Charger giant Wallbox was the first to bring a bidirectional model, the Quasar, to market. The Wallbox Quasar offers up to 7.4 kW of power for charging or discharging. It is currently compatible with CHAdeMO charging cable, though will no doubt add ccs cables when the market opens up. It costs £6,000.


Bidirectional chargers mean you can charge and discharge from your EV battery to your home

Canadian company dcbel also plans to bring a bidirectional charger to the UK in 2023. The dcbel r16 charger unit can charge your car with DC at 15kW – twice as fast as a standard 7kW AC EV charger. At around £6,000, it costs more than the Indra, but it also doubles as an inverter for a solar or battery installation. So, if you need an EV charger and you are also thinking about getting solar or adding a home battery, you’d only need to buy one bit of kit rather than two.

Converter or inverter, what’s the difference?

A converter changes the AC to DC. Converters are pretty cheap and abundant. They are everywhere – laptop chargers, phones chargers etc. An inverter, however, is more complicated (and expensive) as it needs to change consistent DC to the waveform AC.

Can I get started with V2H now?

Before you rush to buy a bidirectional V2H charger, note that for now only Chademo type cars are able to charge bidirectionally. The list is very short – the Nissan Leaf, Nissan eNV200 and the Mitsubishi Outlander.

VW plans to open at least some of their ID cars to bidirectional charging later in 2022 (starting with bigger 77kWh models). VW’s plan, led by now-ex-boss Herbert Diess, is dependent on the finalisation of a CCS2 plug standard to allow bidirectional charging. So the speed at which V2H happens, especially for your VW, is still far from certain.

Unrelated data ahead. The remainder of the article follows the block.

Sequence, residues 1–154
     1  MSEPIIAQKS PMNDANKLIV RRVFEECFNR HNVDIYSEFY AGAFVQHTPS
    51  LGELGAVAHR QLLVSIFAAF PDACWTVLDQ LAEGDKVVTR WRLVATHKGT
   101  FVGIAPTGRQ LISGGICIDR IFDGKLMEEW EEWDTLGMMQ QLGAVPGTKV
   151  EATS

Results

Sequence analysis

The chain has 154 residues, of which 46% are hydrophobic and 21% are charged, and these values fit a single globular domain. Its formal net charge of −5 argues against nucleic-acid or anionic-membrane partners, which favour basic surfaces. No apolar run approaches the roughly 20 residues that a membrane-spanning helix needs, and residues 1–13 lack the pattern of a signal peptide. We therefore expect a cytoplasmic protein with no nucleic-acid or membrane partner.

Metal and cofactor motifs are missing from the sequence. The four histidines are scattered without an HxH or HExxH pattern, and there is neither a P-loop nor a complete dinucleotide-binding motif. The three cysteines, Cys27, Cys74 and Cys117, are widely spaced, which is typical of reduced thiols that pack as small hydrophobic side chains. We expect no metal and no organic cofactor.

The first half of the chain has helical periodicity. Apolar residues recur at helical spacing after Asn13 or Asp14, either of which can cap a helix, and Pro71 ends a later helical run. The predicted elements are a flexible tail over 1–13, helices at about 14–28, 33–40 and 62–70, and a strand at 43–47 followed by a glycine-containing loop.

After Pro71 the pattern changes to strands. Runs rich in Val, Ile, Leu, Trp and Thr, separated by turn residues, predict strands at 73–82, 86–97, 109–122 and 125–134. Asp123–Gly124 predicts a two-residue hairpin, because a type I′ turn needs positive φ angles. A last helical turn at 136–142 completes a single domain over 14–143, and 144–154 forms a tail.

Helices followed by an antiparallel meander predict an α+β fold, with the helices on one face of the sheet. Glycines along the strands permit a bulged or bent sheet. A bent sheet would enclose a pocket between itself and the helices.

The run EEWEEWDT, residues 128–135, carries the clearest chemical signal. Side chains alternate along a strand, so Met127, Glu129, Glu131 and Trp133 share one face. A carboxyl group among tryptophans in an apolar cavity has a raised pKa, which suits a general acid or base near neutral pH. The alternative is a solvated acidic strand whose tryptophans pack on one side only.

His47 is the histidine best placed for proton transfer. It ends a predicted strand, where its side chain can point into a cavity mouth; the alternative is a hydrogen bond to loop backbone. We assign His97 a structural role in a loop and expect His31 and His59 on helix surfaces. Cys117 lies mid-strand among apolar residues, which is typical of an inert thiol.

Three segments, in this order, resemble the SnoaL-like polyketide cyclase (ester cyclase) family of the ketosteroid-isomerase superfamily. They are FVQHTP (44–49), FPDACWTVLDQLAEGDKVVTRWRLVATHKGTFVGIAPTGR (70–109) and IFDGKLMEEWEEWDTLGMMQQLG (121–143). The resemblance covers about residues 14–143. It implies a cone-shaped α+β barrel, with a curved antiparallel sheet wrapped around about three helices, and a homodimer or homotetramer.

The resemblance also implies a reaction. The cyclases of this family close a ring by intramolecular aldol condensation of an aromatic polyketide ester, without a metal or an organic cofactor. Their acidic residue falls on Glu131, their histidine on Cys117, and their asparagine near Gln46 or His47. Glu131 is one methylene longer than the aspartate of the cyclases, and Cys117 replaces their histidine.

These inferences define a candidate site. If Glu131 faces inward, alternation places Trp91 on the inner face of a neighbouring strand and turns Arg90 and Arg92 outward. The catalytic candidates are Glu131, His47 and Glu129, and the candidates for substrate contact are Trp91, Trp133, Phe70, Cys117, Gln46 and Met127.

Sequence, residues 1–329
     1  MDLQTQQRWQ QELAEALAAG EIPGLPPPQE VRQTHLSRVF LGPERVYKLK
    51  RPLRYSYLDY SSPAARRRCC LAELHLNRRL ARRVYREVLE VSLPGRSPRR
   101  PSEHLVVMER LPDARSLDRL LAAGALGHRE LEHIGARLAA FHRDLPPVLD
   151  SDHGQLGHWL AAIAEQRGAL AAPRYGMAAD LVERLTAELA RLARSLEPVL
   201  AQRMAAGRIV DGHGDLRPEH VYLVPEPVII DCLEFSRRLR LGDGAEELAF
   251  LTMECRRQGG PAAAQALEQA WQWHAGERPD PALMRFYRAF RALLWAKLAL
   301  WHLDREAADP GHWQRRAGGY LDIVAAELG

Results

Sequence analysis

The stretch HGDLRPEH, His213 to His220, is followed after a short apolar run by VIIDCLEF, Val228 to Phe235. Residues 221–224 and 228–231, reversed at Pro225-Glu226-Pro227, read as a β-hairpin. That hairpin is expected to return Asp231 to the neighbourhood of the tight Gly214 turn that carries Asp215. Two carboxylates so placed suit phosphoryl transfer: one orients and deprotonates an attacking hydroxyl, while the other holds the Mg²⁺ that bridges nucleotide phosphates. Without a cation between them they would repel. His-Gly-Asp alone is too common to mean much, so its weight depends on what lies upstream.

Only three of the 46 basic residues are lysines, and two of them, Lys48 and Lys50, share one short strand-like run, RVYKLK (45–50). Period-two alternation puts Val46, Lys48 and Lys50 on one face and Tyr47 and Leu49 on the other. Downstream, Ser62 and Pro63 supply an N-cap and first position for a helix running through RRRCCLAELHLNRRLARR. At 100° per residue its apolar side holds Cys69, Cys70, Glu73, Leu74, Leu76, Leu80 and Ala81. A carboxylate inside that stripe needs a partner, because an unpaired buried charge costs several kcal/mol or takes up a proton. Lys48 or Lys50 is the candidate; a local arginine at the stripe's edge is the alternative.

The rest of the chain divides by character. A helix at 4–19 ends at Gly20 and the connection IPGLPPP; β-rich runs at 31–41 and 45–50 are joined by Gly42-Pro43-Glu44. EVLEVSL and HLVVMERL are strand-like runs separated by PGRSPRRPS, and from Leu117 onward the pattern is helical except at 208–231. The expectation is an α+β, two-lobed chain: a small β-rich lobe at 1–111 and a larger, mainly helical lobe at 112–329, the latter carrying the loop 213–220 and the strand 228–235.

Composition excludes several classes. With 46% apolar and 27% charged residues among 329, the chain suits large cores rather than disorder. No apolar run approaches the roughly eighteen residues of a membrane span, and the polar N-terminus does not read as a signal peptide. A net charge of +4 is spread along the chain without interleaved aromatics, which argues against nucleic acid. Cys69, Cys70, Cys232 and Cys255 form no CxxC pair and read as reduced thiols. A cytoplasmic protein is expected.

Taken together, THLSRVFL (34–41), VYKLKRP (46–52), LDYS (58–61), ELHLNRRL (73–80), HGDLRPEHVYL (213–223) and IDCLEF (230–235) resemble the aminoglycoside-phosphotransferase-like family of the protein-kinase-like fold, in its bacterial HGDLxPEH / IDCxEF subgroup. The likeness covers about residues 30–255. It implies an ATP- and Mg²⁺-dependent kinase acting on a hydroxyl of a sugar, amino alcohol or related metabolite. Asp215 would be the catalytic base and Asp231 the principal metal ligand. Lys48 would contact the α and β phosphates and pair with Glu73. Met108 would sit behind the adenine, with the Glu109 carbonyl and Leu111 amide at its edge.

Will I be able to use my current EV charger for V2H?

Any device connecting to the grid has to be compliant (i.e. shutdown if there is a power cut). Wallbox Quasar, Indra’s V2H model & dcbel have special inverters to change DC to your home’s AC.

Standard (AC) chargers don’t have this inverter, so can’t connect your battery to power your home while connected to the electricity grid. Will future EVs have the right inverter? That’s unlikely, because of the extra cost and country-specific red tape involved.


With the rising cost of energy and a climate crisis on everyone’s mind, many people with solar or an EV tariff are already on the lookout for a home battery. Having somewhere to store cheap, green energy makes lots of sense. Some energy-pioneering households are already thinking about their car choice as a battery on wheels. If a car is often at home during the day (with solar) or even overnight (with an EV tariff), a secondhand Nissan Leaf paired with a bidirectional charger powers a household through the evening – making them savings and reducing the household carbon footprint.

What about V2G?

Like V2H, V2G involves bidirectional power flows to and from your EV’s battery. But with V2G you are exporting power out of your car and some of it is going all the way back to the national grid. There are several trials of V2G underway already. With a smart tariff, like Octopus Agile Outgoing, you can already be paid to export spare kWhs at peak times. In the future the market for this is likely to grow, especially for large fleets who often clock off en masse at the end of the business day, just as the UK hits peak energy demand.

Renewable energy experts love the idea of using your EV as a battery store. It means we can have more intermittent power from renewable source (wind, solar, tidal) on the electricity network without worrying about ‘balancing’ supply and demand day to day. Your EV battery is a small part in a large de-centralised battery system.

The future of bidirectional charging

As well as adding convenience and protection against power cuts, charging an EV from solar or off-peak energy tariffs then discharging it during periods of peak demand reduces the need to switch on fossil-fuel power stations. Whether it’s V2L, V2H or V2G, our cars are poised to make us substantial savings and avoid the need to burn more fossil fuels.

Car makers, charger manufacturers, energy companies and households will all have a part to play in how quickly things change. But with a bit of luck, in the next few years, you won’t look at your wheels in quite the same way.